The role of stratosphere-troposphere coupling in the occurrence of extreme winter cold spells over northern Europe

Lorenzo Tomassini, Edwin P. Gerber, Mark P. Baldwin, Felix Bunzel, Marco Giorgetta

Research output: Contribution to journalArticle

Abstract

Extreme cold spells over Northern Europe during winter are examined in order to address the question to what degree and in which ways stratospheric dynamics may influence the state of the troposphere. The study is based on 500 years of a pre-industrial control simulation with a comprehensive global climate model which well resolves the stratosphere, the MPI Earth System Model. Geopotential height anomalies leading to cold air outbreaks leave imprints throughout the atmosphere including the middle and lower stratosphere. A significant connection between tropospheric winter cold spells over Northern Europe and erosion of the stratospheric polar vortex is detected up to 30hPa. In about 40 percent of the cases, the extreme cold spells are preceded by dynamical disturbances in the stratosphere. The strong warmings associated with the deceleration of the stratospheric jet cause the tropopause height to decrease over high latitudes. The compression of the tropospheric column below favors the development of high pressure anomalies and blocking signatures over polar regions. This in turn leads to the advection of cold air towards Northern Europe and the establishment of a negative annular mode pattern in the troposphere. Anomalies in the residual mean meridional circulation during the stratospheric weak vortex events contribute to the warming of the lower stratosphere, but are not key in the mechanism through which the stratosphere impacts the troposphere.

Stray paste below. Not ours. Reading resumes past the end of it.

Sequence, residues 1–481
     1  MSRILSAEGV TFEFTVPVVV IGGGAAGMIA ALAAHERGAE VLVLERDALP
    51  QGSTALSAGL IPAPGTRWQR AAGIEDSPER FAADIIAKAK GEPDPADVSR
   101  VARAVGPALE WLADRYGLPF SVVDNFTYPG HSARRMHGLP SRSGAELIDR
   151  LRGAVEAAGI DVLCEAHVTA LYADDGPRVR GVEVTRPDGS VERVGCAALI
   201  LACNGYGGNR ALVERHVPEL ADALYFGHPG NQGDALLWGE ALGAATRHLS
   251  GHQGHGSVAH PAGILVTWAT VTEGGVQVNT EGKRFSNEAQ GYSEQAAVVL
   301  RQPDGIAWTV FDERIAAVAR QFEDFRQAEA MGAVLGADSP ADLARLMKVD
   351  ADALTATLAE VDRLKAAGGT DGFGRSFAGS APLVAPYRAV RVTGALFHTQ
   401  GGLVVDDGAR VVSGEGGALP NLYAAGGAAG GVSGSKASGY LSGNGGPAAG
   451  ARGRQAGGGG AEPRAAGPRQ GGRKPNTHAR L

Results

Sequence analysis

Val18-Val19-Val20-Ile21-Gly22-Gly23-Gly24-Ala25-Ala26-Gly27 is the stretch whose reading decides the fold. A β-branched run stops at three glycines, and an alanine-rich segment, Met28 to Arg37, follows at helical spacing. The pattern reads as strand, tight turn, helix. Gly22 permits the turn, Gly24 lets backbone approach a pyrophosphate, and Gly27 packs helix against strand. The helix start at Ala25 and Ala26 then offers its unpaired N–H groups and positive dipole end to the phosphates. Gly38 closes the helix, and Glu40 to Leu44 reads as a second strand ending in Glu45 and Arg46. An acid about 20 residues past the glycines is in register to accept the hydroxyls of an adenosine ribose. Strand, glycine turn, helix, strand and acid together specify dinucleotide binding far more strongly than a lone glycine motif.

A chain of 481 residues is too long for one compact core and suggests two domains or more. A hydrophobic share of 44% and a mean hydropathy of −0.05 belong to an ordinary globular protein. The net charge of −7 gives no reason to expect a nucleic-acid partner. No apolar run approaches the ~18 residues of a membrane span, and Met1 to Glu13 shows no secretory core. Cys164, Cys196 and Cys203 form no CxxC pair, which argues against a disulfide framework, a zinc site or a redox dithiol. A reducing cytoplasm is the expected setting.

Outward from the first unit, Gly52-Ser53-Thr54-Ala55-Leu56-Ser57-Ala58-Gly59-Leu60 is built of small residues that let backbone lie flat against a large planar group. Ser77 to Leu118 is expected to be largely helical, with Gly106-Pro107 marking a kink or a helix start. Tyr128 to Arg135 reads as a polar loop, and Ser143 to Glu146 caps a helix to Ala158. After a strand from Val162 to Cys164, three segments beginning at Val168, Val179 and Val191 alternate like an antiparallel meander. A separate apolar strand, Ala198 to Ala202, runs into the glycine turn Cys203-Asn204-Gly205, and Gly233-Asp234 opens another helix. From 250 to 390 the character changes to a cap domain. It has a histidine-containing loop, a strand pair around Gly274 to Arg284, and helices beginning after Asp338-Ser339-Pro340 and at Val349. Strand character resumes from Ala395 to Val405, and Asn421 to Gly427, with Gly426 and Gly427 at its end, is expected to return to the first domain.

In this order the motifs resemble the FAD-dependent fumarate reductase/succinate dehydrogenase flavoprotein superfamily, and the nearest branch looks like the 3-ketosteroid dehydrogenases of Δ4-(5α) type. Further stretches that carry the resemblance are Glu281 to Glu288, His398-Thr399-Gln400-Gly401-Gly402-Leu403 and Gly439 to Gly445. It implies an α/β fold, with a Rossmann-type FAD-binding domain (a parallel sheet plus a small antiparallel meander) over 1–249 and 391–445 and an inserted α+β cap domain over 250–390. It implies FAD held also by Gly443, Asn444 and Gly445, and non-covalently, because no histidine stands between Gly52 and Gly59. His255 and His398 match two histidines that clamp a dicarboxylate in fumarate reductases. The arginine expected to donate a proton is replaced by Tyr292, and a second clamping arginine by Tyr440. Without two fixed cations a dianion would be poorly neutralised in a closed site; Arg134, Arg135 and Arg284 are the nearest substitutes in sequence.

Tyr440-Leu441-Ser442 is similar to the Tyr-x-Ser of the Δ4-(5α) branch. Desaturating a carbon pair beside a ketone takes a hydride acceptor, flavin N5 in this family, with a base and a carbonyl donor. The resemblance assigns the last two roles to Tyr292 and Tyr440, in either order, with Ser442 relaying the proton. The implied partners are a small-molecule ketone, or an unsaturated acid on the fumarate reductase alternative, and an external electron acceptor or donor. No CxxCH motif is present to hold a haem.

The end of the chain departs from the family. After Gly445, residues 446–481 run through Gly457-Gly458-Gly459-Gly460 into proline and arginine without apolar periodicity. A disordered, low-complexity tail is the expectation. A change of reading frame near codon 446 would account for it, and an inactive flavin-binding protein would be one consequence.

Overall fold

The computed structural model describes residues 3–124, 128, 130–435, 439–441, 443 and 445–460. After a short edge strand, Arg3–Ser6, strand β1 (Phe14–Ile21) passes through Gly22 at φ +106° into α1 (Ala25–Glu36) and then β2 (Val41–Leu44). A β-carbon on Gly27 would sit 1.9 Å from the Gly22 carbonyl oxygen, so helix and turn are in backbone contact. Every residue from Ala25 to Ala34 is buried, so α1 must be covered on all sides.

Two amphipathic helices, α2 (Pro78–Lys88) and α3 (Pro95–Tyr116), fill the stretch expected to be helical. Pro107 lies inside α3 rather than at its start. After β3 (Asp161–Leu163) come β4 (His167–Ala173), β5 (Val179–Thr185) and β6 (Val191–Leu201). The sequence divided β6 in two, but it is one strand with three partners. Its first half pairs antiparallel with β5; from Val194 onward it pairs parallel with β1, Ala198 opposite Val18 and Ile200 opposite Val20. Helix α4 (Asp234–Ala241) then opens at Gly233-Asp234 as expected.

Original languageEnglish (US)
Article numberM00A03
JournalJournal of Advances in Modeling Earth Systems
Volume4
Issue number10
DOIs
StatePublished - Dec 1 2012

    Fingerprint

ASJC Scopus subject areas

  • Global and Planetary Change
  • Environmental Chemistry
  • Earth and Planetary Sciences(all)

Cite this